Monday, April 12, 2010

I Heart Jej!

This weekend, Dana and I took a trip down to Jeju Island (or, Jej, as we liked to call it) with Adventure Korea, an organization that basically runs trips for expats living in Korea interested in seeing some cool destinations, festivals, activities, etc. I had signed up for this trip over a month ago and I can't believe how fast it came! Jeju is a large island off the southern coast of Korea that has warmer climates, volcanic craters, palm trees and beaches. While it wasn't quite summer weather down there yet, it was still at least a little warmer than Seoul. I wish it had been sunny...but we did alright in the overcast and rainy weather. It was still a lot of fun!

We flew out of Gimpo Airport (the little airport that is actually in Seoul) and since we had to meet at 8:10am, I left my apartment at 6:40am. Too early! But, as my brother was fond of reminding me when visiting, I basically live in New Carrollton, not DC. Haha. (I know most of you don't get that reference, but I take comfort in knowing that at least my Mom reads and knows what I'm talking about!). Anyway, I got to the airport about five minutes early and I was the last to arrive, which I thought was pretty stunning. I'm so used to expats being late, I was impressed that we all arrived before the scheduled departure. But I would soon find out that we had a pretty awesome tour group so that really helped things move smoothly. Originally there were supposed to be 40 people on the trip, but Adventure Korea couldn't get enough plane tickets down to Jeju (as the temperature finally begins to warm up people are going down a lot more frequently for hiking, etc) so there were only 20 of us. More than once over the course of the weekend we discussed how happy we were that there were only 20. It was a great number. Almost all of us were teachers (save for one person working at a construction company, one guy who was a computer programmer, and a girl who didn't specify what she did) and we hailed from the US, Ireland, England, South Africa, and Indonesia. Everyone was really laid back and a lot of fun, so that was awesome. After arriving at the airport and finally getting in line near our boarding time we found out that our flight out was going to be an hour delayed. Later we learned that a fire truck had overturned on the runway in Jeju and they needed time to clear that off. The flight was only about 55 minutes in the air and fairly uneventful. I will say that every time we hit turbulence I thought of Lost...not the greatest association, lol.

When we arrived in Jeju we boarded our bus and headed out to lunch at a seafood restaurant. Seafood (and by that I mean fish) was a common theme in meals over the weekend and I'm not sure whether our diet was more affected by the fact that we were staying on an island or the fact that we had a couple vegetarians with us. This lunch was a huge pot that came out boiling with big chunks of fish, potatoes, etc. Then there were the ever present side dishes. It was pretty tasty, if not difficult to grab with chopsticks. I am fairly certain I ate about 40 fish bones, but I think I padded it with enough sticky rice to protect my insides.

You might think that those things in front are fried shrimp, as we did. Wrong. They are fried whole anchovies. Something about crunching through entire fish skeletal systems is less than appetizing to me.

After lunch we headed over to Bird Island. Honestly, I'm still not really clear as to why they call it Bird Island, but in the grand scheme of things I suppose that doesn't really matter. Jeju has a bunch of satellite islands ranging in size and shape, and this one is connected to the mainland with an interesting bridge. We walked across the bridge and then walked about halfway out on a peninsula made of deathly lava rocks. Then we walked around a little on some wooden walkways, pausing about 100 times to take pictures. We would have explored a little more, but we were pressed for time thanks to the delayed flight.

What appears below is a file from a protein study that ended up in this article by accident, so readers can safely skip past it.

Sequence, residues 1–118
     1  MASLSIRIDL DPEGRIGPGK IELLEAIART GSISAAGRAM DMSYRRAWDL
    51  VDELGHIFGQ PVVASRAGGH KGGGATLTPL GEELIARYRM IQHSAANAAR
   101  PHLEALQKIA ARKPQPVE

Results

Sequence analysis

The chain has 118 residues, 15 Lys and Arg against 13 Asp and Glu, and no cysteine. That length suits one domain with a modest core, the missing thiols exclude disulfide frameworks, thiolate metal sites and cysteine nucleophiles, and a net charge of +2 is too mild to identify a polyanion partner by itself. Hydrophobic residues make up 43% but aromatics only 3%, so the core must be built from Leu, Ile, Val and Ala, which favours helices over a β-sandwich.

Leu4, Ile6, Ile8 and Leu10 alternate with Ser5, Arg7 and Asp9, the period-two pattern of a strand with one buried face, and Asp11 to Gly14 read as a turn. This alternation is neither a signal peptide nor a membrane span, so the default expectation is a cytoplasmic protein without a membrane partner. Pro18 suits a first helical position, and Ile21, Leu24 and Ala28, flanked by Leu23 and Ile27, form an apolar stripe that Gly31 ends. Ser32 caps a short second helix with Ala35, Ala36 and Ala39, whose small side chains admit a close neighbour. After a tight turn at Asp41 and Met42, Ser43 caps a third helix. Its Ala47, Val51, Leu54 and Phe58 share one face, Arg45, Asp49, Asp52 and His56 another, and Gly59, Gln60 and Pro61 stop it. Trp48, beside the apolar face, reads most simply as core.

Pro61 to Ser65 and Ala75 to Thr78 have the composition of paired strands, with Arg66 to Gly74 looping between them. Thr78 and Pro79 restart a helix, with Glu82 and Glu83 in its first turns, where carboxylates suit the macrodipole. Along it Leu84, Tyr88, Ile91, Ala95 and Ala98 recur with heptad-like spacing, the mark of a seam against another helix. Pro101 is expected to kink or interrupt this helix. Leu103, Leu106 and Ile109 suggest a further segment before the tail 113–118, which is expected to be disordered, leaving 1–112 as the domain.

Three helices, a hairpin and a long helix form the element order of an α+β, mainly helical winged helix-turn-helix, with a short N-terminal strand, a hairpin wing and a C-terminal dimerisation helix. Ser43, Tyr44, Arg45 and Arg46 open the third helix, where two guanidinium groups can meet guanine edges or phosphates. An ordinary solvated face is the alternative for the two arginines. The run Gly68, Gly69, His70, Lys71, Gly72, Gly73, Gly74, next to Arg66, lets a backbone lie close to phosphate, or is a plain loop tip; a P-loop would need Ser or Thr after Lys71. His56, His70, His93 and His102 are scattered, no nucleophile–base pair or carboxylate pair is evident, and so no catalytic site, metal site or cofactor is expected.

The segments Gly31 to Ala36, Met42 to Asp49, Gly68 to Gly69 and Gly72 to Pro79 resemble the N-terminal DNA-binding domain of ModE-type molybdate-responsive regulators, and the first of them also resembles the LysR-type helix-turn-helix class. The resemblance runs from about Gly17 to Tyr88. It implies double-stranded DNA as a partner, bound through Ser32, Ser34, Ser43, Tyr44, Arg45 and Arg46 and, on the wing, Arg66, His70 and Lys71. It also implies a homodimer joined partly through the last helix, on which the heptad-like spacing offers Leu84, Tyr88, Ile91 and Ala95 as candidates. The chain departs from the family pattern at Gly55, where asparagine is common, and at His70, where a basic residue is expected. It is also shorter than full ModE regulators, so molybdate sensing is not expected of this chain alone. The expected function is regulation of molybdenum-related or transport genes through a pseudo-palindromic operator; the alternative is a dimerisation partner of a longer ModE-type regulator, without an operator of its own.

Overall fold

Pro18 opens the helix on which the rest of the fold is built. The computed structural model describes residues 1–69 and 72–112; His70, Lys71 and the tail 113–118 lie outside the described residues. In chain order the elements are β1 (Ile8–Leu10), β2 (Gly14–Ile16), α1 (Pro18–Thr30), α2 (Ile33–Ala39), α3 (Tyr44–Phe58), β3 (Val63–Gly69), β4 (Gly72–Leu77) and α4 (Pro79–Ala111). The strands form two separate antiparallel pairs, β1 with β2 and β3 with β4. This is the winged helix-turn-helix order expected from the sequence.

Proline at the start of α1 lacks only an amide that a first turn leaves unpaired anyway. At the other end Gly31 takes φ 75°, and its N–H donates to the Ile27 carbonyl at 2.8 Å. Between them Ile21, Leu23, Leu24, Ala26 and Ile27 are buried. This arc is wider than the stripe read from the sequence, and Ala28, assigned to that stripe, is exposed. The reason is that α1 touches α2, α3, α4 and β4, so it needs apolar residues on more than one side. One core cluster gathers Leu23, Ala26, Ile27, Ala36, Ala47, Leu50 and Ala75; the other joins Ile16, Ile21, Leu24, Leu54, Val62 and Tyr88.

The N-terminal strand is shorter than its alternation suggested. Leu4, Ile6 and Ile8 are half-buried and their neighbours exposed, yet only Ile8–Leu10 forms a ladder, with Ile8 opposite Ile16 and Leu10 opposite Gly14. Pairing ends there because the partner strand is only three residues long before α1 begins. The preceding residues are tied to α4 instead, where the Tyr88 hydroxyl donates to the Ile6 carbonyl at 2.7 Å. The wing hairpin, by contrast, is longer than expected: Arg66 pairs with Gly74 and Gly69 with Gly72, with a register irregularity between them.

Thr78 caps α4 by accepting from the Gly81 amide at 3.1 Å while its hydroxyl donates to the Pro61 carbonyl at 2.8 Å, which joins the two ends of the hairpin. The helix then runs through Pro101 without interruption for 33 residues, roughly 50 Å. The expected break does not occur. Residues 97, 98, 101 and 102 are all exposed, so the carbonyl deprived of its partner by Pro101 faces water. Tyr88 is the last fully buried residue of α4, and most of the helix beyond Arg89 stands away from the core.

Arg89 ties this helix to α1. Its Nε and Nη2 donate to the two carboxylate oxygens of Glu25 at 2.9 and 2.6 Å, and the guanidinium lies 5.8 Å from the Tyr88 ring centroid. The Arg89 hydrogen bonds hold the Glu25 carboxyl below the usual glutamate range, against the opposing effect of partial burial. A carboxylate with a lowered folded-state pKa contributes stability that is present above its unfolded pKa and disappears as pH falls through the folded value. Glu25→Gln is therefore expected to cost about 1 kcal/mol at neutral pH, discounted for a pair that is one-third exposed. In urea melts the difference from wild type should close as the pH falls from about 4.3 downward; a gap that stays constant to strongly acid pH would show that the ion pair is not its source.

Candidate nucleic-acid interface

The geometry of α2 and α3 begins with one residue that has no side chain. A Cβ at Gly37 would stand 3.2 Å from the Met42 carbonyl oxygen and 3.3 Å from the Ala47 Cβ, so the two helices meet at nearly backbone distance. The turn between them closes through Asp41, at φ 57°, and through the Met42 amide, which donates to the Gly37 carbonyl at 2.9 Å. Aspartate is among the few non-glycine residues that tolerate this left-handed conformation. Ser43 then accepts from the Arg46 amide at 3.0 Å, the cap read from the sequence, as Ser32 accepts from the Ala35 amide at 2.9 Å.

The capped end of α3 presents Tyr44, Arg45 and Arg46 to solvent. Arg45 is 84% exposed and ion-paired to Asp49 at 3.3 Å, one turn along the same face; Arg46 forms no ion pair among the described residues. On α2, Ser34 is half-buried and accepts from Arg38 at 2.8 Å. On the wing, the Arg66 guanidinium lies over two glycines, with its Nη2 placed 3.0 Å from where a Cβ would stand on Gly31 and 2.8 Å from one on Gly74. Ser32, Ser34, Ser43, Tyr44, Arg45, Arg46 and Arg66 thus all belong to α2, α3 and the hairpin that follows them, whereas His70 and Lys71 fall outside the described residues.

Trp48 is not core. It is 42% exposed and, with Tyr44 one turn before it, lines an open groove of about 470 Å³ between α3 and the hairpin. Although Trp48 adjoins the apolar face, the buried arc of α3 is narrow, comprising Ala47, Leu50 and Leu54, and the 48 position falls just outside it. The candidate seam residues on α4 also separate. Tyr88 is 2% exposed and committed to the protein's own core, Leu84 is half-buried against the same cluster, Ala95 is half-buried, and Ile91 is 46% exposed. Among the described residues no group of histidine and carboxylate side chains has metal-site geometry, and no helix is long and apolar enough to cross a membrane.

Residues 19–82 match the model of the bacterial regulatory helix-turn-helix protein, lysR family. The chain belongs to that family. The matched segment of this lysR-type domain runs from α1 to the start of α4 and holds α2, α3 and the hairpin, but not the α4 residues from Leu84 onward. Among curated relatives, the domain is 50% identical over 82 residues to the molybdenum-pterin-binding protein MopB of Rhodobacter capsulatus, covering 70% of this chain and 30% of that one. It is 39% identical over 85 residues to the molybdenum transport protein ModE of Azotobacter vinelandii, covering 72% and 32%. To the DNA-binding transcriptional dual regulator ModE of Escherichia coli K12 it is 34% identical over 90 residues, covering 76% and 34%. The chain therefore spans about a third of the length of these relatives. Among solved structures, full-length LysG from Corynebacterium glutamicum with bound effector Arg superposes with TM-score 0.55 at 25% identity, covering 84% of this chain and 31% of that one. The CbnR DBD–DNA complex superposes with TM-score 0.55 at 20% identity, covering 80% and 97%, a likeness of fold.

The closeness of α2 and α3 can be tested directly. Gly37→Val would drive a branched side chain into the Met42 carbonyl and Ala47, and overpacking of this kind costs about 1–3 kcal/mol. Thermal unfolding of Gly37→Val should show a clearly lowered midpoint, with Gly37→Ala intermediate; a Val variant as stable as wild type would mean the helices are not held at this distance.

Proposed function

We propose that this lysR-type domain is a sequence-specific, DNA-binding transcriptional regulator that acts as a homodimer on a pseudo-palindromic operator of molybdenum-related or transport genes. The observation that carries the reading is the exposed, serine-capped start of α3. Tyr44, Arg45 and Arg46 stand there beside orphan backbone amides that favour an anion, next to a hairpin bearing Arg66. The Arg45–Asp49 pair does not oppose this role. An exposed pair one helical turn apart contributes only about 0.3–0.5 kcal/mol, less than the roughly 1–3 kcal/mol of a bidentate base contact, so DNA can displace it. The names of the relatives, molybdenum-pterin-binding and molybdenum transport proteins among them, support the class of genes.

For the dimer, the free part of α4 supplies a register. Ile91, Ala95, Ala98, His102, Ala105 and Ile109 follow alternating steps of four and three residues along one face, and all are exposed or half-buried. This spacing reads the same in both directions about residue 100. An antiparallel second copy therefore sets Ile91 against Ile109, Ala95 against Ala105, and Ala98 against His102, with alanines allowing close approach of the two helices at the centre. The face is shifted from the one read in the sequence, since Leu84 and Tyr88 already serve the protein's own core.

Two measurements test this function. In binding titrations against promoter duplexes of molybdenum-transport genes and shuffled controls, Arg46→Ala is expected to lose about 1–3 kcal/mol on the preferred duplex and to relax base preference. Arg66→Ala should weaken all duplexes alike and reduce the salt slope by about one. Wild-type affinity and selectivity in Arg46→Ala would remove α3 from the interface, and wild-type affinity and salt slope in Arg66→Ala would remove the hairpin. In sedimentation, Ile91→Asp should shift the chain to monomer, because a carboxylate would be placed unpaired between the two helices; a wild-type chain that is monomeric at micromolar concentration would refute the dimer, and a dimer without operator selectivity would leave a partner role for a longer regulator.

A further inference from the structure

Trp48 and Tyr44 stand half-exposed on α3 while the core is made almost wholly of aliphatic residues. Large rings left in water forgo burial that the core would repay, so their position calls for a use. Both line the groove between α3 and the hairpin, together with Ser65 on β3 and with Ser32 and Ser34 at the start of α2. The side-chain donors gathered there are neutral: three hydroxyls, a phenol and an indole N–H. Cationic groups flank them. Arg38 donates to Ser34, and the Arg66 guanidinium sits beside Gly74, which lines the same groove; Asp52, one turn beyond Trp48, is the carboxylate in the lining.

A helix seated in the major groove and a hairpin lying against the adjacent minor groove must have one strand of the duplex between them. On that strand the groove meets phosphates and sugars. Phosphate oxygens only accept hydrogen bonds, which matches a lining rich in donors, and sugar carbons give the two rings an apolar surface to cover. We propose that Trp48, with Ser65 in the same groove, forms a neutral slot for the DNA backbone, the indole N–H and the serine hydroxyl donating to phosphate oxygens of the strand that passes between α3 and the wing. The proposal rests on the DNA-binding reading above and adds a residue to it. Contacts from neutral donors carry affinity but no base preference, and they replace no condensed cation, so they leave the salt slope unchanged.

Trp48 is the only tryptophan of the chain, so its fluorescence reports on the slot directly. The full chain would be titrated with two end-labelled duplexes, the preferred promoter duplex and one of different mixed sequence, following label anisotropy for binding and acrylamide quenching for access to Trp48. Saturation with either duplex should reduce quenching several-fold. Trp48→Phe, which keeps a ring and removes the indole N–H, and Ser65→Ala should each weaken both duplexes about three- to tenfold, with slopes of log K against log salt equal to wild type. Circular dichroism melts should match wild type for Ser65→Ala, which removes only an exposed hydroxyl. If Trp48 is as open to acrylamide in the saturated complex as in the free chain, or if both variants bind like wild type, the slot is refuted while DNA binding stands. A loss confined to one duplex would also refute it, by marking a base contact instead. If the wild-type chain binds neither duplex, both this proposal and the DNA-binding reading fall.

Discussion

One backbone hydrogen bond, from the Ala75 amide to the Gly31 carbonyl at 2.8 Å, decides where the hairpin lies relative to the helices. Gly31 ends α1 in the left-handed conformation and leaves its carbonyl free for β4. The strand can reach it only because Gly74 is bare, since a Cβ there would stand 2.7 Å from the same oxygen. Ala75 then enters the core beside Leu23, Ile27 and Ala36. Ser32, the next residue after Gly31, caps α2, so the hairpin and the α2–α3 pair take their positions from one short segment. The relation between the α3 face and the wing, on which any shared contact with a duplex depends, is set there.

The bridge is supposed to look like a bird's head? We don't really see it. Personally, I think it looks much more like the Burj Al Arab in Dubai (see photo here).


Dana posing on the bridge.

Walkways through the pretty lava rock formations.

The peninsula of deadly rocks.

Dana was counting to take this picture and just after she said "one" a little, tiny, old Korean lady sprints between us saying "TWO THREE!" Hence the laughter.

Quite pretty. Even with a lack of birds.

After the island it was time to board the ferry and take a little jaunt out into the waters around Jeju. Since it was narrated by a Korean tour guide only, we probably missed a whole lot of information, but it was still quite pretty. We found a spot up on the top deck and I got to talk about one of my favorite subjects: Semester at Sea, so it was a good time for me! We took some pictures of some other little islands and relaxed for a while until our tour guide came up and told us that a performance was going on downstairs. We crammed into the little cabin with about 200 ajummas (little old Korean ladies) and ajosshis (little old Korean men), 99.5% of whom were tuckered out after a day of hiking and were dozing off. The performer played some music at the end, right before we docked, and suddenly we found ourselves in an ajumma dance party! It was...hilarious.

Island, complete with cave created by the Japanese during WWII to store ammunition, weapons, and supplies.
These two island were almost touching.

We couldn't figure out how the hell those fishermen got out there. There was no boat around and no where it looked safe enough to dock. I guess we'll never know.

Hahaha, Dana got pulled into nap time! (This was before the dance party, obviously.)

When we got off the ferry we headed over to the Jeju International Convention Center where they had some big rape fields you could take pictures in. I know...unfortunate name. Rape (or rapeseed) flowers bloom in a brilliant yellow and the fields were absolutely beautiful. There is actually a festival that goes along with their blooming time, but we weren't able to squeeze that into our weekend. It was still great to go take pictures, though!

Profile picture on Facebook? Check.
Dana and I in front of another field. So pretty!